Saturday, June 27, 2009
[Rockefeller Brothers Fund] Shared Prosperity: The New Voices in Civic Engagement
This article was commissioned for the Rockefeller Brothers Fund's 2008 Annual Review. From the review: "The 2008 Annual Review cover story, 'Democracy in Action, centers on the Fund's Democratic Practice program and examines the issues of elections reform, public financing, and immigration. It includes features by Lauren Foster and Matt Saldaña."
by Matt Saldaña
Photo by Jeff Weiner
On a cold day in January 2009, with the economy in freefall and the United States at war on two fronts in the Middle East, Barack Hussein Obama, a self-described "son of a black man from Kenya and a white woman from Kansas," was inaugurated the country's 44th president.
"We know that our patchwork heritage is a strength, not a weakness," he said to a crowd of nearly 2 million, huddled together on the National Mall. "We are a nation of Christians and Muslims, Jews and Hindus, and nonbelievers. We are shaped by every language and culture, drawn from every end of this Earth."
To many, that declaration would have seemed impossible just one year ago. Anti-immigrant rhetoric filled the airwaves for much of 2008 and threatened to upend support for a candidate who had spent part of his childhood in Indonesia. Ultimately, Obama's victory depended not only on the insolvency of such language but also on support by a new class of voters: a coalition of Asian Americans, Latinos, and so-called New Americans born to immigrants in the latter half of the 20th century. According to a study by Pew Hispanic Center, Latinos voted in unprecedented numbers in 2008, favoring Obama by a factor of two to one. Exit polls conducted by CNN show Asian Americans similarly favored Obama and suggest the Latino vote may have handed Obama a victory in several critical swing states, including Indiana and North Carolina.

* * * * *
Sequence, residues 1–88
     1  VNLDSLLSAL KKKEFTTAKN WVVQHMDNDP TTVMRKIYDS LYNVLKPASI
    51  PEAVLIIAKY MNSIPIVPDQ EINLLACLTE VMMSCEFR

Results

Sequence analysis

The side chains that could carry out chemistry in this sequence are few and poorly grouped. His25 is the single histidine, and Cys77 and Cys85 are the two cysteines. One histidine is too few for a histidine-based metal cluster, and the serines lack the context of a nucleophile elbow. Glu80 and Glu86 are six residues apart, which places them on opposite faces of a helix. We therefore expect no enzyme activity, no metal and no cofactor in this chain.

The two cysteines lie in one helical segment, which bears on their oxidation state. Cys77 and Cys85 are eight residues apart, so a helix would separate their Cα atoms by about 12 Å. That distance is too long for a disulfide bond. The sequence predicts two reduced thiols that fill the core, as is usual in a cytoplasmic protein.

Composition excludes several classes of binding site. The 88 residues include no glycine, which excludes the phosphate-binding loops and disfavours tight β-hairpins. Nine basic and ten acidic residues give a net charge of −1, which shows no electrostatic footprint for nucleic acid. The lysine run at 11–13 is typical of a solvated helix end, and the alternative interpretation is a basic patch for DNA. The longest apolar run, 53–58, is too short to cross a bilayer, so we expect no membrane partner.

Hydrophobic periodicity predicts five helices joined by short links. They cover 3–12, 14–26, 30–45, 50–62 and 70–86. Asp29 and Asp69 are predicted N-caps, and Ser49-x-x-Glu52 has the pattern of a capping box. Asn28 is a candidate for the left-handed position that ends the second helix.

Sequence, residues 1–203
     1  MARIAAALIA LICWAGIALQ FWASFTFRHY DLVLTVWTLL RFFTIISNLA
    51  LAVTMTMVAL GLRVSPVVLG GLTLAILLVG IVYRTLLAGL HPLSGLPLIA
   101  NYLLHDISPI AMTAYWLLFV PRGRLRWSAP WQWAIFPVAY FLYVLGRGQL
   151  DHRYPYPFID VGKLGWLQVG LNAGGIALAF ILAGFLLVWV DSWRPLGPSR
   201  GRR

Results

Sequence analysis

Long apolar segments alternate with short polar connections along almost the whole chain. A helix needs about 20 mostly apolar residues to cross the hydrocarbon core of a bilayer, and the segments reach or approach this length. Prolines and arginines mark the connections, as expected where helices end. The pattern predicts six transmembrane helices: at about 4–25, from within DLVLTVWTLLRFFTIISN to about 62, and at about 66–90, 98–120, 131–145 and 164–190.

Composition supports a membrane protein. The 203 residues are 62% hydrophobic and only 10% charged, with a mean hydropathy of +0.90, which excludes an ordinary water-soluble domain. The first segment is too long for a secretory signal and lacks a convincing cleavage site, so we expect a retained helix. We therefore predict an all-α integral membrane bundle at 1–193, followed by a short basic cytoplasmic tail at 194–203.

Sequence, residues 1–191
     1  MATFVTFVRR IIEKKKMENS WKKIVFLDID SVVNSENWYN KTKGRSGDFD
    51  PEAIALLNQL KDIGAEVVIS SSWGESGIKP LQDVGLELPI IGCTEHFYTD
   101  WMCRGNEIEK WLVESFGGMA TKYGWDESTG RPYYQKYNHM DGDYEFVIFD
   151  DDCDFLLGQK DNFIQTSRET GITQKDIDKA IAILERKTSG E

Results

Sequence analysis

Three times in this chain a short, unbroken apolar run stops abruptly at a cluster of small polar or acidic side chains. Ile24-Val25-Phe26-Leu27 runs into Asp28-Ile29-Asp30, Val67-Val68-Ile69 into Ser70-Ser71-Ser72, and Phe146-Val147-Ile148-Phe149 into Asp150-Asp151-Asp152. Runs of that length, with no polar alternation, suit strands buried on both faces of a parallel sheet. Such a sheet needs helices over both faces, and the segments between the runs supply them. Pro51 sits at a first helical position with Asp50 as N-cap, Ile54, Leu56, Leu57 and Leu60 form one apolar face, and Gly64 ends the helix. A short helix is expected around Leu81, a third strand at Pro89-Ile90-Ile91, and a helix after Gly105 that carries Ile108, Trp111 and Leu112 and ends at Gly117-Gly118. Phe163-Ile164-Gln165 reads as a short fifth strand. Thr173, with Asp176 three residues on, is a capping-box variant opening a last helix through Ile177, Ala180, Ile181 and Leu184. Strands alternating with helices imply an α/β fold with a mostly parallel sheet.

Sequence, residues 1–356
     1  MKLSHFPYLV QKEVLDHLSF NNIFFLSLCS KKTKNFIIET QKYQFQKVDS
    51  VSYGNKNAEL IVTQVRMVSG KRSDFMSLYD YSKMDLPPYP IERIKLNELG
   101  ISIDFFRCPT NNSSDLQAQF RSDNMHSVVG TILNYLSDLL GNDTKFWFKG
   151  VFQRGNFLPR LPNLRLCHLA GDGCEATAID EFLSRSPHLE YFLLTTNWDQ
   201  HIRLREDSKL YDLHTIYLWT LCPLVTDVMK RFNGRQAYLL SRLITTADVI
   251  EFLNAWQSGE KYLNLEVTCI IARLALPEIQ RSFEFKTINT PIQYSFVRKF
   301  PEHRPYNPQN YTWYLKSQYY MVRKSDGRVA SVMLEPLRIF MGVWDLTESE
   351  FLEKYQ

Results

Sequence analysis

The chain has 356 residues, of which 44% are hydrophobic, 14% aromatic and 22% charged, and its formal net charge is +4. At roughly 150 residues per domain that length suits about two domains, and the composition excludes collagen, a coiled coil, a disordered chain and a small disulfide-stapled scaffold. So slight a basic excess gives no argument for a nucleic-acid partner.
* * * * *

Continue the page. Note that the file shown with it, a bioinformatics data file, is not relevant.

"We've shown that we have the numbers to really shift the political calculus that goes into election strategy for generations to come. There is no question about the power of the immigrant vote," says Chung-Wha Hong, executive director of the New York Immigration Coalition (NYIC).
[View the entire article at the Rockefeller Brothers Fund Web site.]